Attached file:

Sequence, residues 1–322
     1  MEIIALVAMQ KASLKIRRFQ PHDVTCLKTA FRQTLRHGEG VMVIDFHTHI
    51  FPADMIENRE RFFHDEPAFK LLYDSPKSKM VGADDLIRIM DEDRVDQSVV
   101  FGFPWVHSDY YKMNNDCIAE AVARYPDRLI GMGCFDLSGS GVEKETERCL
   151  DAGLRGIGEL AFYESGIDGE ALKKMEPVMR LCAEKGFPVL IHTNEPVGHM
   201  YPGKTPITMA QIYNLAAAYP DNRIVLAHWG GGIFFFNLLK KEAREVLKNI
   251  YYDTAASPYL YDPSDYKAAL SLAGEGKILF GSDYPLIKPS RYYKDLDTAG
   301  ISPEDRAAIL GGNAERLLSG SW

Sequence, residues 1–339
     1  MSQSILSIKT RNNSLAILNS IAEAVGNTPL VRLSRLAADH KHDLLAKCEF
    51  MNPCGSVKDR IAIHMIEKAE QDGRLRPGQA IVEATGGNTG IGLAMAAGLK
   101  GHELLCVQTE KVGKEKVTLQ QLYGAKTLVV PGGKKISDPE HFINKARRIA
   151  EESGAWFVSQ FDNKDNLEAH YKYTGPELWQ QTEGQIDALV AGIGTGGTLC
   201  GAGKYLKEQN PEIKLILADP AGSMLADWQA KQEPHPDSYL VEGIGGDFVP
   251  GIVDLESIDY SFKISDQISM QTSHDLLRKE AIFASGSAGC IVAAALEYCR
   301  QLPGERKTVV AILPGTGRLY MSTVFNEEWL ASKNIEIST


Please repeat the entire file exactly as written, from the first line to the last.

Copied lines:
Sequence, residues 1–322
     1  MEIIALVAMQ KASLKIRRFQ PHDVTCLKTA FRQTLRHGEG VMVIDFHTHI
    51  FPADMIENRE RFFHDEPAFK LLYDSPKSKM VGADDLIRIM DEDRVDQSVV
   101  FGFPWVHSDY YKMNNDCIAE AVARYPDRLI GMGCFDLSGS GVEKETERCL
   151  DAGLRGIGEL AFYESGIDGE ALKKMEPVMR LCAEKGFPVL IHTNEPVGHM
   201  YPGKTPITMA QIYNLAAAYP DNRIVLAHWG GGIFFFNLLK KEAREVLKNI
   251  YYDTAASPYL YDPSDYKAAL SLAGEGKILF GSDYPLIKPS RYYKDLDTAG
   301  ISPEDRAAIL GGNAERLLSG SW

Sequence, residues 1–339
     1  MSQSILSIKT RNNSLAILNS IAEAVGNTPL VRLSRLAADH KHDLLAKCEF
    51  MNPCGSVKDR IAIHMIEKAE QDGRLRPGQA IVEATGGNTG IGLAMAAGLK
   101  GHELLCVQTE KVGKEKVTLQ QLYGAKTLVV PGGKKISDPE HFINKARRIA
   151  EESGAWFVSQ FDNKDNLEAH YKYTGPELWQ QTEGQIDALV AGIGTGGTLC
   201  GAGKYLKEQN PEIKLILADP AGSMLADWQA KQEPHPDSYL VEGIGGDFVP
   251  GIVDLESIDY SFKISDQISM QTSHDLLRKE AIFASGSAGC IVAAALEYCR
   301  QLPGERKTVV AILPGTGRLY MSTVFNEEWL ASKNIEIST